A daily fly-on-the-wall blog about running a legal business during the Covid-19 crisis.
By Dónall Breen - 6 May
I had an amusing little moment last night with my parents. We were happily chatting on WhatsApp video when I started to admit that I had completely forgotten my brother's birthday and I would just have to pretend his card was lost in the post. A laugh went up in the background; he was sitting on the other side of the phone.
A little awkward, but I did promise him a shout out in my blog to say sorry. Hi Martin! :)
Inevitably it will also happen at work. And the problem will only get worse if the meeting is recorded and shared around to people who were never supposed to listen in.
Back in the good old pre-Covid days, meetings were rarely recorded, other than exceptional circumstances. And almost always it was recorded with audio only as a special file on HR's desktop.
But now it is easier than ever with everyone on video chat. And why not record a video instead of some poor sod taking notes for the whole thing?
Most companies* have little experience in how to deal with records of company meetings, so it is understandably hard to try and magically concoct a firm policy on what should happen. No meetings should be recorded? Some meetings can be recorded if requested and everyone agrees? Recordings cannot be forwarded (how do you police this)? Videos need to be password protected (can we do this easily with ready-to-use software)? It's all a little tricky. And that without the GDPR torpedo or other laws being considered.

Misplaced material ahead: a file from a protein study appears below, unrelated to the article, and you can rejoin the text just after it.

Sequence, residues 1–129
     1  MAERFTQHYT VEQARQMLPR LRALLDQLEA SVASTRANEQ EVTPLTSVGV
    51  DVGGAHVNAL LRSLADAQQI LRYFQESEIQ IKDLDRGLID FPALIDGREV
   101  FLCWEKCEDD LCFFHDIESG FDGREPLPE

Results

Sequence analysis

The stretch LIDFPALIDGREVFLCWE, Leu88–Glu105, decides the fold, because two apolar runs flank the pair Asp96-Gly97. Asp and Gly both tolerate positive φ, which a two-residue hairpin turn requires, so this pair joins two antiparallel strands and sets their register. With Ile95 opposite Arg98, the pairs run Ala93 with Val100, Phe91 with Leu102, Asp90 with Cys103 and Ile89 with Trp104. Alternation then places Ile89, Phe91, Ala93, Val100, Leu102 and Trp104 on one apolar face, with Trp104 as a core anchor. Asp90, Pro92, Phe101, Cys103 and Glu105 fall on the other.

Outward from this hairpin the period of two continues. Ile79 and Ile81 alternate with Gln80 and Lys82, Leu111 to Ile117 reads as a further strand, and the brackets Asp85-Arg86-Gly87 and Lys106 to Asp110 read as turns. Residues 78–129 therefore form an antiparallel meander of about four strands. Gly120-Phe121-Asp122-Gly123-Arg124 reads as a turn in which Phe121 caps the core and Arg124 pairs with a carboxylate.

* Some regulated entities that must record phone calls for record keeping purposes will be well aware of some of these struggles.
Before I feel too superior on my high horse, I'll admit we haven't grappled with the issue entirely either. We sometimes (OK, twice) record non-sensitive team catch ups for those who are missing. But we have yet to get some standard practice around how that will work for more sensitive meetings (if recordings are deemed necessary). Thus far, we have ducked the issue by only managing to record two boring meetings, but do need to think about it going forward.
In the meantime, I think the safe thing to do is to not record any meeting unless you are certain you can control who sees the recording (or frankly, you wouldn't care who sees it). Otherwise, missing birthday cards might be the least of your worries.
If you would like to read our Covid diaries starting from day 1 please click here.